BIDU SAYÃO, Soprano * 11 May 1902, Rio de Janeiro, Rio de Janeiro, Brazil + 12 March 1999, Rockport, Maine, United States;

Bidú Sayão was one of the most beloved sopranos in the entire history of opera. She was known for her ethereal, silvery tone and a stage presence of delicacy and refinement.

Born to an upper-class family, she was named Balduina de Oliveira Sayão after her grandmother. Her father died when she was five years old. She wanted to be an actress, but as going on the stage was “out of the question for a girl born in a respectable family,” she studied voice with the aid of an uncle. Her talent led her to one of the world’s leading teachers, Elena Theodorini. Some sources say an appearance in Lucia di Lammermoor at Rio’s Teatro Municipal, when she was 18, removed family opposition to her dream of singing. Sayão continued studies with Theodorini in Europe. In 1922, she became a pupil of Jean de Reszke, a tenor with one of history’s purest vocal techniques. After he died, she returned to make a stunning second debut in Rio, in 1926, as Rosina in The Barber of Seville. She sang widely in Europe, with performances in Paris at La Scala and in Rome. Toscanini, hearing her in Traviata, engaged her for her U.S. concert debut with him at the New York Philharmonic in 1935. For the next two years she performed primarily in her native Brazil. But in 1937, she was booed outrageously as Micaela in Carmen, allegedly by a claque organized by the singer playing Carmen. The outraged Sayão said she would not sing in Brazil. She joined the roster of the Metropolitan Opera, debuting in 1937 as Massenet’s Manon. Other favorite roles were Mimì in La Bohème, Debussy’s Mélisande, and Susanna in The Marriage of Figaro.

It was Sayão who is credited with convincing Heitor Villa-Lobos to change the solo part of Bachianas Brasileiras No. 5, from violin to wordless soprano. The work became the composer’s most famous piece, and the 1945 recording the most famous of Sayão’s 35 78 rpm releases and her dozen LPs. Sayão made extensive concert tours, and endeared herself by frequently singing for wounded servicemen during World War II. She left the Met’s roster in 1951 and retired from opera in 1954. She came out of retirement three years later, at the request of Villa-Lobos, to sing on his recording of his composition Forest of the Amazon, perhaps her only recording in stereo. It may have been the act of singing this intensely Brazilian music that prompted her to relent in her ban on singing in Brazil, for she made one farewell appearance in Rio, in 1958. After that she retired with her second husband, the well-known Italian baritone Giuseppe Danise, to their home in Lincolnville, ME, a North Atlantic seaside town (Danise died in 1963). There, she lived a quiet life caring for her cats and frequently playing cards with her local friends and visitors.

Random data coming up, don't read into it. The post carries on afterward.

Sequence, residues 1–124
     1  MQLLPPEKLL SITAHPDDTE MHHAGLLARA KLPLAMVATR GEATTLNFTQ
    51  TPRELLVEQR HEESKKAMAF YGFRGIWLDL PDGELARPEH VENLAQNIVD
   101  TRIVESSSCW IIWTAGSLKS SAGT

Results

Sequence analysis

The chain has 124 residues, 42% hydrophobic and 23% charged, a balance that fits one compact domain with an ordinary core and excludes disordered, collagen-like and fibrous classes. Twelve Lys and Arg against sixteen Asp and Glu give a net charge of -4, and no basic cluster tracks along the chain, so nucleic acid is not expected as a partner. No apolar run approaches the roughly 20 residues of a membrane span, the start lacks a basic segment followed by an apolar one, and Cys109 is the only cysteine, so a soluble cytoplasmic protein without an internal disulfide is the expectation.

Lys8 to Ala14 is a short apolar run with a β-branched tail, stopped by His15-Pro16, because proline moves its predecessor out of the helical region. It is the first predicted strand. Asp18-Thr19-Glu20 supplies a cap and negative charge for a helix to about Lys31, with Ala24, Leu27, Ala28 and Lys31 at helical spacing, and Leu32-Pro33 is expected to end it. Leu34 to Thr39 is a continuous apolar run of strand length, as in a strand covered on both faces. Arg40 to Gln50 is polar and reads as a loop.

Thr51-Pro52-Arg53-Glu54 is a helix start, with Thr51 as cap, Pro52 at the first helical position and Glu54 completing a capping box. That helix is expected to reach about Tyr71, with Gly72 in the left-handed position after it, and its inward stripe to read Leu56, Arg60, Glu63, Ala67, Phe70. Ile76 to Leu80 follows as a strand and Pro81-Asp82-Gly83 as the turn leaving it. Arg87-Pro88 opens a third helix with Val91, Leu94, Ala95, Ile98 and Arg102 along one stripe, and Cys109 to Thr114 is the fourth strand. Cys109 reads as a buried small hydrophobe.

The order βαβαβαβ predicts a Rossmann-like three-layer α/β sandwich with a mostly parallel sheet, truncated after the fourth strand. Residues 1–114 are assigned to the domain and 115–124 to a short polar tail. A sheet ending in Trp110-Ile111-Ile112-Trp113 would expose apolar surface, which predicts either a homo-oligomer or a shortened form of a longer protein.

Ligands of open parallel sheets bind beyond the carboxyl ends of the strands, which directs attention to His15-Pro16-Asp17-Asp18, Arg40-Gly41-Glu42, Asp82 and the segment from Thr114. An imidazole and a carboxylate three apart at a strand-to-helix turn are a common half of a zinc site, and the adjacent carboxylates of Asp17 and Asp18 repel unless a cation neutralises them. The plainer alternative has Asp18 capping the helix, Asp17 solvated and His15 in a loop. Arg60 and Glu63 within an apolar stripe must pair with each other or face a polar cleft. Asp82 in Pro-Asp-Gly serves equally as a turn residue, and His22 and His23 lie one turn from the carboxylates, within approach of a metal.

The coming of compact discs prompted reissues of many of her recordings, a fact which, she told a São Paolo newspaper, made her feel “relieved,” since she had been “tormented” by the idea that all her work had been forgotten. She had a nearly fatal stroke in 1993, but recovered fairly well, considering her age of 92. In 1995, she returned to Rio for the last time, when she learned that the Beija-Flor Samba School had chosen her life story as the subject for its presentations in the great Carnival parade of that year. That was her last public appearance. She died of pneumonia, at the Penobscot Bay Medical Center in Rockport, ME, at the age of 97.